Non-viral delivery for gene therapy

A next generation gene therapy delivery approach

The Duchenne Research Fund has committed £640,000 to accelerate research into alternative ways to deliver gene therapy to Duchenne patients, with the aim of increasing the number of patients who can receive gene therapy treatments.

Several clinical trials are now under way to explore the efficacy of gene transfer, a type of gene therapy, as a treatment for Duchenne. This entails using a micro-dystrophin – a shortened form of the dystrophin gene – with the aim of producing a functional dystrophin protein that patients’ bodies can utilise.

Current investigational gene transfer candidates for Duchenne make use of an adeno-associated virus (AAV). An AAV is a virus that is not known to cause disease and that acts as the delivery vehicle to carry the micro-dystrophin to patients’ cells.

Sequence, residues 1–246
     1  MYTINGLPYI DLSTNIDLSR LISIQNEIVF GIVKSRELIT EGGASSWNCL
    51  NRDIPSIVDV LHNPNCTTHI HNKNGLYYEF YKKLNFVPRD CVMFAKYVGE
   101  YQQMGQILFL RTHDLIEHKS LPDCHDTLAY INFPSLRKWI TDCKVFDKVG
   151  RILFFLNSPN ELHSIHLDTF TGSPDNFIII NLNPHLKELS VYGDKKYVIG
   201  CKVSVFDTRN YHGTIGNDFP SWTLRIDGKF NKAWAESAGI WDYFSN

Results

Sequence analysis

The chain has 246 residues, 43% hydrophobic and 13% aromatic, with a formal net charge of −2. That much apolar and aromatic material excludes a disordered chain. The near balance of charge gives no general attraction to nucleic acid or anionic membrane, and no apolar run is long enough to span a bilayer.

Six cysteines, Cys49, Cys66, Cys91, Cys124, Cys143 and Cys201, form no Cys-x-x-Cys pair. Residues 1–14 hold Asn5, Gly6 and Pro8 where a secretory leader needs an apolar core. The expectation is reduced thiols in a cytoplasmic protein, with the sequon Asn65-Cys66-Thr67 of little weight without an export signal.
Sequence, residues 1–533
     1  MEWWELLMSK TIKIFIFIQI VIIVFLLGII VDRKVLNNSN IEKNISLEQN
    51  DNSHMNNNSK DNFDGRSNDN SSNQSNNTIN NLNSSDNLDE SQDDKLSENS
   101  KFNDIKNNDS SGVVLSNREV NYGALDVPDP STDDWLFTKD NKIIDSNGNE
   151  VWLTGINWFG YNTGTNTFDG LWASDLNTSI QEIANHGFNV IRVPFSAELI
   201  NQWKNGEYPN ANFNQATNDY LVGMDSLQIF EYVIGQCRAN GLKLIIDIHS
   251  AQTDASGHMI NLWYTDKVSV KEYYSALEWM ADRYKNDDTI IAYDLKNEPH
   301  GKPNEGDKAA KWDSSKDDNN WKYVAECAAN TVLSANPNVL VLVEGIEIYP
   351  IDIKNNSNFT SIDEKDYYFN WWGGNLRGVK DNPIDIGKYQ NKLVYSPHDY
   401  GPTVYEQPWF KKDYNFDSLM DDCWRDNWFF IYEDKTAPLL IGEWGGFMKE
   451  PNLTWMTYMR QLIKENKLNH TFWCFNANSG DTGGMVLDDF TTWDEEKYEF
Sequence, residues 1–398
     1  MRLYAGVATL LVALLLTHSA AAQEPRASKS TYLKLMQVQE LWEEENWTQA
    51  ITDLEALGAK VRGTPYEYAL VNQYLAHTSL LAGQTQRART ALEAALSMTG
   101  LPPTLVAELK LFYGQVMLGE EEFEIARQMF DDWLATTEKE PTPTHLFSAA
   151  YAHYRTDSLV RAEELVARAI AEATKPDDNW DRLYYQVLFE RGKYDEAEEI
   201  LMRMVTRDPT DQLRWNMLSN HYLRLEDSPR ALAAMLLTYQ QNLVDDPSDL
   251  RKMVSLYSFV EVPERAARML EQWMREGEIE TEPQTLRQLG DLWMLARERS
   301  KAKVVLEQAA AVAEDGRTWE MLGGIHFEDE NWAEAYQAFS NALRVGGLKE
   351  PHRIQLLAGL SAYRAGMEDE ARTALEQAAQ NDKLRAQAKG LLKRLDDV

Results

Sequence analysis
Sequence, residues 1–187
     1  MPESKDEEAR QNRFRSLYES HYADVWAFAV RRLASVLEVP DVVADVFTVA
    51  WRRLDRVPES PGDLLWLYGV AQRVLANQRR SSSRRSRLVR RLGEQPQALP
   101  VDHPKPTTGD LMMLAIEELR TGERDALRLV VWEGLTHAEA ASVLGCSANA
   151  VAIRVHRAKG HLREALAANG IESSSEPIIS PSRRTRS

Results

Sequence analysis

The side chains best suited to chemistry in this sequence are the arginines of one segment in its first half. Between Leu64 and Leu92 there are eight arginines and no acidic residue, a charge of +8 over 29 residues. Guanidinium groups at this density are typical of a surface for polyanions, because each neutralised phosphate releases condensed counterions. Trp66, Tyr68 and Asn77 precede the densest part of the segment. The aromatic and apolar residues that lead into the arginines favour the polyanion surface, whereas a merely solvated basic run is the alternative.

As viral based gene therapies continue to demonstrate therapeutic benefit in the clinic, DRF believes it is crucial to also invest in non-viral delivery methods. These technologies may provide strategies to complement current viral gene therapies by potentially increasing cargo size, widening patient eligibility and potentially offering methods to re-administer gene therapies to patients who have already received a viral-based therapy.

DRF has provided funding for Solid Biosciences’ non-viral delivery research programme, which has partnered with experts across three different labs, two working in nanoparticle formation to develop and optimise a nanoparticle-based gene delivery system, and one working in exosome development as a further alternative to current gene delivery mechanisms.

Pre-clinical research

£640,000 contribution


Cambridge, MA, USA

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